In recent years, the steady stream of lawsuits against pharma has taken a new twist. In addition to the myriad individual
claims from adverse drug reactions, pharma companies now are dealing with class action lawsuits, many based on the premise
of mass consumer fraud. Companies have been accused of failing to disclose unfavorable clinical trial results and misleading
the public with false advertising. Here, Marc Scheineson, former FDA associate commission for legislative affairs, discusses
the validity of this legal trend and its potential ramifications for the industry.
PharmExec: Do you think these lawsuits will prevail in courts? Should the industry be worried? Scheineson: Parties are bringing such lawsuits for the first time. The most visible one was brought by Elliott Spitzer, the New York
state attorney general, against Glaxo (for Paxil), claiming unpublished studies that FDA did not deem relevant to include
in labeling constituted some kind of violation of the state consumer protection laws, if they weren't disclosed. Glaxo settled
that case for a couple million dollars and did not contest the claim. I think many companies settle cases rather than assert
their First Amendment commercial free speech rights. And that only serves to perpetuates more lawsuits.
Is it an economic decision—cheaper to settle than fight? Yes, it is. These are publicly traded companies with stock prices and mergers in the works, acquisitions that could be jeopardized,
and disclosures that they have to make in their 10k and security documents. But Glaxo would probably have won that case if
it had stayed in it. By settling, that gives cues to plaintiff lawyers and to other classes of plaintiffs that "Hey, $2 million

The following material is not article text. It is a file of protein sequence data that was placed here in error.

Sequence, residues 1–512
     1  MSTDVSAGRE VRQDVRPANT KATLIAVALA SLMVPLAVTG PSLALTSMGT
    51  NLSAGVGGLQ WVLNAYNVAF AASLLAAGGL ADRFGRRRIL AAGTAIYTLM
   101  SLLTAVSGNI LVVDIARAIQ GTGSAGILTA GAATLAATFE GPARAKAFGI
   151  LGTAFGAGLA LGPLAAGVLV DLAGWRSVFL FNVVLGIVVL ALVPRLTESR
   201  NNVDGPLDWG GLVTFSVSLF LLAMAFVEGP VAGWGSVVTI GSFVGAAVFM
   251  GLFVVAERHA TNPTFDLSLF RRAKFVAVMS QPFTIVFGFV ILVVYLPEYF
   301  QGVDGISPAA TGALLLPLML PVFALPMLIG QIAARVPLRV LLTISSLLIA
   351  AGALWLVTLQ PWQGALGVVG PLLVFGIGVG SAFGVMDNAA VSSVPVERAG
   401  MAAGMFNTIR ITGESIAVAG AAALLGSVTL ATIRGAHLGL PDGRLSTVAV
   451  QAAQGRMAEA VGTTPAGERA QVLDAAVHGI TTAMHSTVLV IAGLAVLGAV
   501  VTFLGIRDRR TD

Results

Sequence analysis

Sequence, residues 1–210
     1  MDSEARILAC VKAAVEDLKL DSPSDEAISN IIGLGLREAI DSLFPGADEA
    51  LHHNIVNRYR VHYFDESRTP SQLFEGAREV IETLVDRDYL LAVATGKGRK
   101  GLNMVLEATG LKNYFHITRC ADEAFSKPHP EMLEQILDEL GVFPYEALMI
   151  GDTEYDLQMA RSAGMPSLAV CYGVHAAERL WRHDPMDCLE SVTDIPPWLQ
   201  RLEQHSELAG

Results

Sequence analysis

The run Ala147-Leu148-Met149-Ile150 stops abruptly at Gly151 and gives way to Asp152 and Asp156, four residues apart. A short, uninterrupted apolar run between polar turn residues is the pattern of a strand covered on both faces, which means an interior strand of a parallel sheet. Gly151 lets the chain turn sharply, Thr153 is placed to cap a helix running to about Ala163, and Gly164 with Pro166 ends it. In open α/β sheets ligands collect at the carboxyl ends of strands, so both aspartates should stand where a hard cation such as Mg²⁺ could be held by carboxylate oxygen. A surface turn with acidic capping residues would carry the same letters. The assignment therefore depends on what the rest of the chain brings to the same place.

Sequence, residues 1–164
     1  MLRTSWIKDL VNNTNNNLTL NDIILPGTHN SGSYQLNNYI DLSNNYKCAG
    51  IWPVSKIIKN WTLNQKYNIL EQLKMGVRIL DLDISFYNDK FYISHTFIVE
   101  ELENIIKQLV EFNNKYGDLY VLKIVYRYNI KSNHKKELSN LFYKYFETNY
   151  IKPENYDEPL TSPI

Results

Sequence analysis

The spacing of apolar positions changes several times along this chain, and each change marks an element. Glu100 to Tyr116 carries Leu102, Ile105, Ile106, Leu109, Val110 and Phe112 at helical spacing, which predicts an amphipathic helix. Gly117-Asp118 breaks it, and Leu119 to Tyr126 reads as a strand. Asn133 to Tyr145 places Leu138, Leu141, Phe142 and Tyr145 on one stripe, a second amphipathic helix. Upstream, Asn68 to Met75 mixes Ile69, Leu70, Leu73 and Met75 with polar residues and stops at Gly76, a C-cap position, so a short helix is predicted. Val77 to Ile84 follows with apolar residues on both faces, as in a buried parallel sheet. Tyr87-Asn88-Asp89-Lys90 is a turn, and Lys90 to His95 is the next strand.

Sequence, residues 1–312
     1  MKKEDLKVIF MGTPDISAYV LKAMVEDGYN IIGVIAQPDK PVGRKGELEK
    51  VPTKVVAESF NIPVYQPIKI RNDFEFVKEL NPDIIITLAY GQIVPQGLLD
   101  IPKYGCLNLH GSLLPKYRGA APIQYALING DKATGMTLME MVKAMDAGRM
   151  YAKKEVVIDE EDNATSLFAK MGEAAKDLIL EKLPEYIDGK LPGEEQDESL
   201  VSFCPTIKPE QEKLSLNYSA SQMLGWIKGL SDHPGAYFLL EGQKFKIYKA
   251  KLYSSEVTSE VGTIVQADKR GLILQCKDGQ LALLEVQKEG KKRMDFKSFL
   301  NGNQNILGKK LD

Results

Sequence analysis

may not be a lot to pharma, but it certainly is a lot to me. I'll organize these kinds of suits, too."
What is FDA's role in this? Competitors are a little dissatisfied with FDA's action, or lack thereof. There have been very few warning letters and notice
of violation letters, and a vacuum has been created that other entities are jumping into. What can companies do now if they
feel that competitors are increasing their market share based on false or misleading advertising or labeling? They used to
be able to file a complaint with FDA and, like clockwork, there would be a warning letter or some kind of inspection or investigation
from FDA. But those have virtually stopped.
Why did that happen? It is either FDA's interpretation of what is false or misleading has become exceptionally narrow, or the centers have stopped
initiating compliance letters. Those letters all have to be reviewed by the Office of Chief Counsel, which has become bottlenecked
and has required lots and lots of supporting information, which centers may not have time to accumulate. I don't know if it's
a question of being understaffed or just not choosing to spend the time that it would take to get a letter cleared by the
Office of Chief Counsel.
Do you think these lawsuits will affect the way the industry markets products? Will companies pull back to avoid this type
of exposure? That's a tough question. Some companies will choose to fight it out, either by themselves or through interveners like the
Washington Legal Foundation and other industry-funded entities. If they win those cases, then the suits will become fewer.
And some companies will pay nominal sums, sometimes making the evaluation that an aggressive marketing campaign is more valuable
than what the settlement might cost.
Some recent reports say DTC campaigns aren't as effective as they used to be. Will that play into these decisions? I have seen no evidence, no definitive studies, that have shown effectiveness is decreasing. I have seen lots of studies,
submitted to FDA and others, showing that it works and that by actually including negative information (which is required
under guidance) consumers view the positive message as having more legitimacy and credibility. These are very sophisticated
companies that do extensive ROI analyses. These are huge costs. They certainly would not continue to market products if they
were not getting that return on investment.